“It means that between myself, the founder and the executive vice president the three of us can make material decisions for the company literally within an hour and I think in this industry because there are going to be a lot of mergers and acquisitions and very material transactions that are going to have to happen just for people to be able to survive in this fast-paced industry. That allows us to move faster than any of them.”
What followed was transformational for HUGE. Without the negative attention on their voting structure, and with confidence the executive and board team behind it had a plan they’d yell about from the rooftops, folks started to buy in.
And those folks spent a good month shooting me neener neeners because I’d dared to question their favourite as it moved up nearly a ten-bagger.
That was a short month. After touching a billion dollars in market cap briefly, it fell hard and has been heavy lifting ever since.
FSD has had some issues recently, not the least of which is the falling out with their one time streaming partner/financier, Auxly (XLY.V).
The joint venture was formed with the intention of developing a portion of FSD Pharma’s cannabis cultivation facility located in Cobourg, Ont., in mutually agreed staged phases. Pursuant to the agreement, the company was to receive a 49.9-per-cent stream of all cannabis produced at the JV facility; the first phase of the JV facility development was to be the construction of an approximately 220,000-square-foot self-contained cultivation facility. To date, the company has invested $7.5-million in the development and construction of the JV facility.
[..] In the course of the company’s efforts to advance the JV facility development, it identified contractual breaches relating to FSD Pharma’s management and staffing obligations of the JV facility, as well as significant concerns regarding certain aspects of the buildings’ infrastructure.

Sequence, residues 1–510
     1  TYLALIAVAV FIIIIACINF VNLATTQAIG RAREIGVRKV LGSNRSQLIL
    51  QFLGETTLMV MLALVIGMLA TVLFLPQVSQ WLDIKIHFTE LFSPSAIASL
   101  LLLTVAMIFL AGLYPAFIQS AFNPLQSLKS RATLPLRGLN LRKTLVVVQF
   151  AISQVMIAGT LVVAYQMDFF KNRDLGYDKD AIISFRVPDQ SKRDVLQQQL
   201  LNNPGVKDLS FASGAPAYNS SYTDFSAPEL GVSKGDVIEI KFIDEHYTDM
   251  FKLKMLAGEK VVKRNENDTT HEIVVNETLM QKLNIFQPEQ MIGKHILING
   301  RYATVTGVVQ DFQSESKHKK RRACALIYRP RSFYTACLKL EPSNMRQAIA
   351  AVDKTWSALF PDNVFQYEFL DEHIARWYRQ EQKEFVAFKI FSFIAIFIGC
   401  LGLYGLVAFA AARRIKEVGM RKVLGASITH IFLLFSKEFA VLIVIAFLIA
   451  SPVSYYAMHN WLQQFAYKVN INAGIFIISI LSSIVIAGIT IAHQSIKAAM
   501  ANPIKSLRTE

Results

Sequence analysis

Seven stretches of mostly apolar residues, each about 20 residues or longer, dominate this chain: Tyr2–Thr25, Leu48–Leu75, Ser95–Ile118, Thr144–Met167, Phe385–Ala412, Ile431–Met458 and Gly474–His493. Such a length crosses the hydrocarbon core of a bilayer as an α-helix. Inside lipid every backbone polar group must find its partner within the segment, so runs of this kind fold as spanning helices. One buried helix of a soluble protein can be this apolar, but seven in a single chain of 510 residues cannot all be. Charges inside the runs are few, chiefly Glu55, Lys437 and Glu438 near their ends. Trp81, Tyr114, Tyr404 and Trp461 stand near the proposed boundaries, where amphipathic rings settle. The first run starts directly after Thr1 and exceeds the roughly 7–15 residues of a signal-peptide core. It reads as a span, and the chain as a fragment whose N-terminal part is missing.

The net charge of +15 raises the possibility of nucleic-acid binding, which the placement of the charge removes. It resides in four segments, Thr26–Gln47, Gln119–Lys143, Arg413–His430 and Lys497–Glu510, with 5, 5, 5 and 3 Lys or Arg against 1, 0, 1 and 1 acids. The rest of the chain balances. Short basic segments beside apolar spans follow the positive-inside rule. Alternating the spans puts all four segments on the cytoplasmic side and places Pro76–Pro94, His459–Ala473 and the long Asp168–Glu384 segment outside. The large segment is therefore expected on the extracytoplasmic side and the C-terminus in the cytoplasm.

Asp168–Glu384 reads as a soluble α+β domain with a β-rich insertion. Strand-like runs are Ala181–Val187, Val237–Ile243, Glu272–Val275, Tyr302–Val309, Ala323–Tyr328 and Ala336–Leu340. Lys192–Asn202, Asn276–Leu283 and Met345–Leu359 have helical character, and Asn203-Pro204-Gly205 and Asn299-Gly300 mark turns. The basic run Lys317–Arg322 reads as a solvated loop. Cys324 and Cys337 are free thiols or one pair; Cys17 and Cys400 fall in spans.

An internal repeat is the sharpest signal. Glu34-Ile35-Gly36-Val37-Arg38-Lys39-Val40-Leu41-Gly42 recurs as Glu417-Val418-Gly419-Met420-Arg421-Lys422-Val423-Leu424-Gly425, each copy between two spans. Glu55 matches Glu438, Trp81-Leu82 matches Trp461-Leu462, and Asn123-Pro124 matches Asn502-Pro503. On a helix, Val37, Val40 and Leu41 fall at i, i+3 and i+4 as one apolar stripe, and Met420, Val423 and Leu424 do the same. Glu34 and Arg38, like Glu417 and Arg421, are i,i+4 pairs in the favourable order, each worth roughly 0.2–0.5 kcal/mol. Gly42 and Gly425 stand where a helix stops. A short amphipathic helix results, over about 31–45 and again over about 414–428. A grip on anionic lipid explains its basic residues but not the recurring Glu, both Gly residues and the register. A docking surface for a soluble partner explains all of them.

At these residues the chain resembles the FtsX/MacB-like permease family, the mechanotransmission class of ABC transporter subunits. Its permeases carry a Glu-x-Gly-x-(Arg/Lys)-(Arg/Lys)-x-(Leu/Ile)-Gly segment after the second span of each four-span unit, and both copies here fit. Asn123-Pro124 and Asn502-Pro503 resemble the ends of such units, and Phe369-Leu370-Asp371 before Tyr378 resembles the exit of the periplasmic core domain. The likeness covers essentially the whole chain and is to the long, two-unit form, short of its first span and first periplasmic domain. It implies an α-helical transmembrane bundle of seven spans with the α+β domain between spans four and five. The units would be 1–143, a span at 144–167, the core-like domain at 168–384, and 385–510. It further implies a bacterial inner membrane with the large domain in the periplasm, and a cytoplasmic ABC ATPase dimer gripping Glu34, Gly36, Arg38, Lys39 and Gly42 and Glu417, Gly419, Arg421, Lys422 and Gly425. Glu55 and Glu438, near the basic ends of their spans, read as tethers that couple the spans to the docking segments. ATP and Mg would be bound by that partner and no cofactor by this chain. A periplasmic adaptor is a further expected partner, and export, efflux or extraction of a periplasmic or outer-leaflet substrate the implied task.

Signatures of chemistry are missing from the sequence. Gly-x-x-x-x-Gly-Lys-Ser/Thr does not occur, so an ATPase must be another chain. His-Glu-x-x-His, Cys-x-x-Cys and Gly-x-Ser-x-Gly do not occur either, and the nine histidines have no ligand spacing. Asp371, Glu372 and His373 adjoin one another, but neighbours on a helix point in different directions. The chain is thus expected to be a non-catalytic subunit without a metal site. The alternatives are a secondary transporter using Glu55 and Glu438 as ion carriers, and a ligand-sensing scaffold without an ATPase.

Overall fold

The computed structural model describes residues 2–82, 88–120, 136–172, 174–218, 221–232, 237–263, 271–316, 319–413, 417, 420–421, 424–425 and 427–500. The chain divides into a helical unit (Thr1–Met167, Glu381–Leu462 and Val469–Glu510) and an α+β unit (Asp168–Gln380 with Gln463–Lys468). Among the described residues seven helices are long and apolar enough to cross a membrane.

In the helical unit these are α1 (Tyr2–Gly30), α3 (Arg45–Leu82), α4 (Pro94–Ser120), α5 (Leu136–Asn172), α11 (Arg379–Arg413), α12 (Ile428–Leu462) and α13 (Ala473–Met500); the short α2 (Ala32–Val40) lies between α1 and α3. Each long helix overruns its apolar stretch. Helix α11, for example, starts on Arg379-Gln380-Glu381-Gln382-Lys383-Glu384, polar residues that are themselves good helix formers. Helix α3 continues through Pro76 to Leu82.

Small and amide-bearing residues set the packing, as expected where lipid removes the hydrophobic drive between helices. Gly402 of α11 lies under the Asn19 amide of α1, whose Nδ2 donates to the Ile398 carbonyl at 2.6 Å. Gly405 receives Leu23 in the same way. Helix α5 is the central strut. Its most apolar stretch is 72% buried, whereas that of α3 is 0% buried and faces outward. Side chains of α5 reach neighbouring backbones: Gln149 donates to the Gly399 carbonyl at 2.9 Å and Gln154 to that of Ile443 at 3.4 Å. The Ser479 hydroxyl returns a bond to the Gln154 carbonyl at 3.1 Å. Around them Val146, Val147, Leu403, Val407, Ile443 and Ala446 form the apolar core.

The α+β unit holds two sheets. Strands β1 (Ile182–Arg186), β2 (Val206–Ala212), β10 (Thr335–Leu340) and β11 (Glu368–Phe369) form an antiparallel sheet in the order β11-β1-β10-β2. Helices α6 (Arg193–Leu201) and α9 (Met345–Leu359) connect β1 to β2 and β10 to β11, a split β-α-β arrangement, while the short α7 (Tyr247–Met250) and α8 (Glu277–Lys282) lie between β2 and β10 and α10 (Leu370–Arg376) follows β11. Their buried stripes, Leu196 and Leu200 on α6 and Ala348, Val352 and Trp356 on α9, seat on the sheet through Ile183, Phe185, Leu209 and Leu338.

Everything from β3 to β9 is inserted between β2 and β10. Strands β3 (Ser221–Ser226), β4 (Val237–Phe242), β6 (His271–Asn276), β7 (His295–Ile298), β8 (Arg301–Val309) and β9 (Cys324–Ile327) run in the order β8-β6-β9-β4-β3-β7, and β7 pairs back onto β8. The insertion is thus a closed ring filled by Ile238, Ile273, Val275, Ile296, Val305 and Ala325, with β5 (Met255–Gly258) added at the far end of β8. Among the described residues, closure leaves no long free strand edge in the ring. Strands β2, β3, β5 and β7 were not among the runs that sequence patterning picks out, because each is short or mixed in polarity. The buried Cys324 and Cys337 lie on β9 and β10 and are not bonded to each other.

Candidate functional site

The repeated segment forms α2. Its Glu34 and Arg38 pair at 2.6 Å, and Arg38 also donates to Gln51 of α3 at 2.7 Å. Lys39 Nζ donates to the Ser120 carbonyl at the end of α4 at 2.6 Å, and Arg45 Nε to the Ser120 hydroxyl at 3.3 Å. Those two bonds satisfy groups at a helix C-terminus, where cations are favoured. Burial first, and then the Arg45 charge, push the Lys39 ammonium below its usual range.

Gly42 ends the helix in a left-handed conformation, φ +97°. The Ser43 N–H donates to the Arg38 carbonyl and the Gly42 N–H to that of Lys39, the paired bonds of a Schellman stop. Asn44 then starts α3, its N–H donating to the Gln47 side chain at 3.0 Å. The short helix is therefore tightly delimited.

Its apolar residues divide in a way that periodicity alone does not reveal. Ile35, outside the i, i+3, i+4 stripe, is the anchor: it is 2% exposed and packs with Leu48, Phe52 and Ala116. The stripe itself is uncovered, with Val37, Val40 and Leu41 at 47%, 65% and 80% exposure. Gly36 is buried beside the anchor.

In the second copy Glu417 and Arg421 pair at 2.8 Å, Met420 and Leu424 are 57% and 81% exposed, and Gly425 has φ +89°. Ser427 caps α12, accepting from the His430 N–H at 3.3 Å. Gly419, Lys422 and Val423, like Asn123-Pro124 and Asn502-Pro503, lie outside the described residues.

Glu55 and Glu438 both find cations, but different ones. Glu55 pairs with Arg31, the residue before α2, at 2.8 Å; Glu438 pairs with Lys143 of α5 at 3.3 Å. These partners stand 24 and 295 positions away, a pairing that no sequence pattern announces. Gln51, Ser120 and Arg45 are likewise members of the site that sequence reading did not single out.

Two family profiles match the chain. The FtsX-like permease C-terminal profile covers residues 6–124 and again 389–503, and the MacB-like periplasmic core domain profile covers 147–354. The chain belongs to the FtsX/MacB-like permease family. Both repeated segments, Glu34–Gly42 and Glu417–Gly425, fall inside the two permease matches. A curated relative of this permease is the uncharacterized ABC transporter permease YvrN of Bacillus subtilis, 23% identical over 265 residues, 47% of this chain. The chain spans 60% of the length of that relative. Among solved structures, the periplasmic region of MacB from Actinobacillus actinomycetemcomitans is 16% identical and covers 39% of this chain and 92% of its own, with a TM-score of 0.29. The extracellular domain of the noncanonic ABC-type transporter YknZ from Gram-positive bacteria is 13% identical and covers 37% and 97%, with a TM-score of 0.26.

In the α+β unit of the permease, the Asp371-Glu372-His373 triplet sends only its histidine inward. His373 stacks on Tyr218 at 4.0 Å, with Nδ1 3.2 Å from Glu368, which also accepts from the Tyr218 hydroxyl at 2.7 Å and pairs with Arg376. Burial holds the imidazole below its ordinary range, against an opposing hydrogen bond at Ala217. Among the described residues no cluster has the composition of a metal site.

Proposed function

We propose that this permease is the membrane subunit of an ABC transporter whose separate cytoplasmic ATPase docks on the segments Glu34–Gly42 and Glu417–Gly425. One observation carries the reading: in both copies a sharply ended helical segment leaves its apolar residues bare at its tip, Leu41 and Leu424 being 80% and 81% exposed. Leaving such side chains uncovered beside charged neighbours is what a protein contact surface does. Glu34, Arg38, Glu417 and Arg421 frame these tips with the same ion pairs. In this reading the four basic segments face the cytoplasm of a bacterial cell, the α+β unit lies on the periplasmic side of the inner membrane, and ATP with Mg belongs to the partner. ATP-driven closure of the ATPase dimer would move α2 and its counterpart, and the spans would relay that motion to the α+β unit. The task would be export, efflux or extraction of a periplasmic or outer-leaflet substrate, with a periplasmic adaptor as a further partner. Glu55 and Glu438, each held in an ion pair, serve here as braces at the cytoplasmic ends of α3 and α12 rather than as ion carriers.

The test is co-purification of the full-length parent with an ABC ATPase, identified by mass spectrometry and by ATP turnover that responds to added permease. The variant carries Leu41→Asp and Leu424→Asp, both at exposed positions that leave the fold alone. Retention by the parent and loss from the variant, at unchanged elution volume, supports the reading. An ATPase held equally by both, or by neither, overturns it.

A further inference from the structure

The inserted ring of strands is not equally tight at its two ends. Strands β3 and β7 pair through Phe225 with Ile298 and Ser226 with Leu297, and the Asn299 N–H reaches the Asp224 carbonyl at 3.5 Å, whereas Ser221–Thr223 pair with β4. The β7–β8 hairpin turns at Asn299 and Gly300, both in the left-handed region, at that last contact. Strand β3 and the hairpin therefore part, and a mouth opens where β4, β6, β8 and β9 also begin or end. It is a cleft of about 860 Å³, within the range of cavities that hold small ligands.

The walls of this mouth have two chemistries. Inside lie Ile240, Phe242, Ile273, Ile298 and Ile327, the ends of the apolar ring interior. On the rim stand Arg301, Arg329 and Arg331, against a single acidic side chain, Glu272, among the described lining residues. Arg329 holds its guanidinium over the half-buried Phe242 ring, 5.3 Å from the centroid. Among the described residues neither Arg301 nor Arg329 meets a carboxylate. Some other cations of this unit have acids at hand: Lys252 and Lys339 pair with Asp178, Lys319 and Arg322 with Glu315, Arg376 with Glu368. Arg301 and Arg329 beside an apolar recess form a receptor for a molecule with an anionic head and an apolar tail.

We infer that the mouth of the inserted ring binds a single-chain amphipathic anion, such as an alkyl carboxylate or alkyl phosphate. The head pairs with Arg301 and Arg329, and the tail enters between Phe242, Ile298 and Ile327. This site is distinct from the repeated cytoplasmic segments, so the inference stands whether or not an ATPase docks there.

On Jan. 17, 2019, the company provided notice to FSD Pharma of such breaches in the hopes that FSD Pharma would work with the company toward a resolution. To the company’s disappointment, FSD Pharma failed to remedy its breaches and instead purported to terminate the agreement effective Feb. 6, 2019. The company subsequently terminated the agreement effective Feb. 7, 2019.
UPDATE: LOVE execs have contacted me and stated it was they that terminated the agreement with Auxly, not the other way around. That’s factually correct, according to both parties but, as I mentioned above, it’s worth noting that LOVE disengagement happened after Auxly, to repeat, ‘failed to remedy its breaches and instead purported to terminate the agreement.”
Frankly, an inability to get this situation sorted over the last six months without having to go nuclear is NOT a positive for either party, and to suggest an “I’m not fired, I quit!” is some sort of win is utter silliness.
FSD’s facility is a magical swirling vortex where accurate numbers go to die.
Previously, HUGE boasted they were ‘operating out of a 620k sq ft facility.’
Recently, the FSD crew have been reportedly talking about having a ‘combined capacity of 1.2m sq ft’ with Cannara Biotech (LOVE.C), which they’ve just taken public as a side hustle (We’ll get to that one shortly).
Reality bites hard, however. The reason Auxly bailed on their deal was because FSD has only got 25k sq ft currently permitted for growing anything, so they took back their cash and walked – the only deal I’m aware of that Auxly has ever backed out of.